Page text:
US7778831B2 - Voice recognition with dynamic filter bank adjustment based on speaker categorization determined from runtime pitch - Google Patents

Voice recognition with dynamic filter bank adjustment based on speaker categorization determined from runtime pitch Download PDF

Info

Publication number
US7778831B2
US7778831B2 US11358001 US35800106A US7778831B2 US 7778831 B2 US7778831 B2 US 7778831B2 US 11358001 US11358001 US 11358001 US 35800106 A US35800106 A US 35800106A US 7778831 B2 US7778831 B2 US 7778831B2
Authority
US
Grant status
Grant
Patent type
Prior art keywords
voice
recognition
speaker
signal
pitch
Prior art date
Legal status (The legal status is an assumption and is not a legal conclusion. Google has not performed a legal analysis and makes no representation as to the accuracy of the status listed.)
Active, expires
Application number
US11358001
Other versions
US20070198263A1 (en )
Inventor
Ruxin Chen
Current Assignee (The listed assignees may be inaccurate. Google has not performed a legal analysis and makes no representation or warranty as to the accuracy of the list.)
Sony Interactive Entertainment Inc
Original Assignee
Sony Interactive Entertainment Inc
Priority date (The priority date is an assumption and is not a legal conclusion. Google has not performed a legal analysis and makes no representation as to the accuracy of the date listed.)
Filing date
Publication date
Grant date

Links

Images

Classifications

    • GPHYSICS
    • G10MUSICAL INSTRUMENTS; ACOUSTICS
    • G10LSPEECH ANALYSIS OR SYNTHESIS; SPEECH RECOGNITION; SPEECH OR VOICE PROCESSING; SPEECH OR AUDIO CODING OR DECODING
    • G10L15/00Speech recognition
    • G10L15/06Creation of reference templates; Training of speech recognition systems, e.g. adaptation to the characteristics of the speaker's voice
    • G10L15/065Adaptation
    • GPHYSICS
    • G10MUSICAL INSTRUMENTS; ACOUSTICS
    • G10LSPEECH ANALYSIS OR SYNTHESIS; SPEECH RECOGNITION; SPEECH OR VOICE PROCESSING; SPEECH OR AUDIO CODING OR DECODING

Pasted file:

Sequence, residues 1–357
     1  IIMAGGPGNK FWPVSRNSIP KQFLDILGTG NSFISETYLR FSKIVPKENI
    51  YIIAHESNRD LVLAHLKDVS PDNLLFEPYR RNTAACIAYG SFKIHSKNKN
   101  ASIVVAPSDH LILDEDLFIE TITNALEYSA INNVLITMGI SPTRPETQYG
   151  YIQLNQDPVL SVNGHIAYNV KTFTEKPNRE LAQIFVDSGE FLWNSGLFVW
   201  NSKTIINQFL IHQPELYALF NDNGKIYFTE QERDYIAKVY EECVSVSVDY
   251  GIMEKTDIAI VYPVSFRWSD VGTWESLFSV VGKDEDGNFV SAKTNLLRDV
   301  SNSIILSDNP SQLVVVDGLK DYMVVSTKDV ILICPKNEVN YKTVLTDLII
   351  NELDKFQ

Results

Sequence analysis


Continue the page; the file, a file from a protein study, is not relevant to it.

• G10L17/00Speaker identification or verification
    • GPHYSICS
    • G10MUSICAL INSTRUMENTS; ACOUSTICS
    • G10LSPEECH ANALYSIS OR SYNTHESIS; SPEECH RECOGNITION; SPEECH OR VOICE PROCESSING; SPEECH OR AUDIO CODING OR DECODING
    • G10L25/00Speech or voice analysis techniques not restricted to a single one of groups G10L15/00-G10L21/00
    • G10L25/90Pitch determination of speech signals

Abstract

Voice recognition methods and systems are disclosed. A voice signal is obtained for an utterance of a speaker. A runtime pitch is determined from the voice signal for the utterance. The speaker is categorized based on the runtime pitch and one or more acoustic model parameters are adjusted based on a categorization of the speaker. The parameter adjustment may be performed at any instance of time during the recognition. A voice recognition analysis of the utterance is then performed based on the acoustic model.

Description

CROSS-REFERENCE TO RELATED APPLICATION

This application is related to commonly-assigned U.S. patent application 11/358,272 entitled “VOICE RECOGNITION WITH PARALLEL GENDER AND AGE NORMALIZATION” by Ruxin Chen, which is filed the same day as the present application, the entire disclosures of which are incorporated herein by reference.

FIELD OF THE INVENTION

This application relates to voice recognition and more particularly to voice recognition systems that adapt to speakers based on pitch.

BACKGROUND OF THE INVENTION

Voice and speech recognition technologies allow computers and other electronic devices equipped with a source of sound input, such as a microphone, to interpret human speech, e.g., for transcription or as an alternative method of interacting with a computer. Speech recognition software is being developed for use in consumer electronic devices such as mobile telephones, game platforms, personal computers and personal digital assistants. In a typical speech recognition algorithm, a time domain signal representing human speech is broken into a number of time windows and each window is converted to a frequency domain signal, e.g., by fast Fourier transform (FFT). This frequency or spectral domain signal is then compressed by taking a logarithm of the spectral domain signal and then performing another FFT. From the compressed spectrum (referred to as a cepstrum), a statistical model can be used to determine phonemes and context within the speech represented by the signal. The cepstrum can be seen as information about rate of change in the different spectral bands within the speech signal. For speech recognition applications, the spectrum is usually first transformed using the Mel Frequency bands. The result is called the Mel Frequency Cepstral Coefficients or MFCCs. A frequency f in hertz (cycles per second) may be converted to a mel frequency m according to: m=(1127.01048 Hz) loge(1+f/700). Similarly a mel frequency m can be converted to a frequency f in hertz using: f=(700 Hz) (em/1127.01048 −1).

In voice recognition the spectrum is often filtered using a set of triangular-shaped filter functions. The filter functions divide up the spectrum into a set of partly overlapping bands that lie between a minimum frequency fmin and a maximum frequency fmax. Each filter function is centered on a particular frequency within a frequency range of interest. When converted to the mel frequency scale each filter function may be expressed as a set of mel filter banks where each mel filter bank MFBi is given by: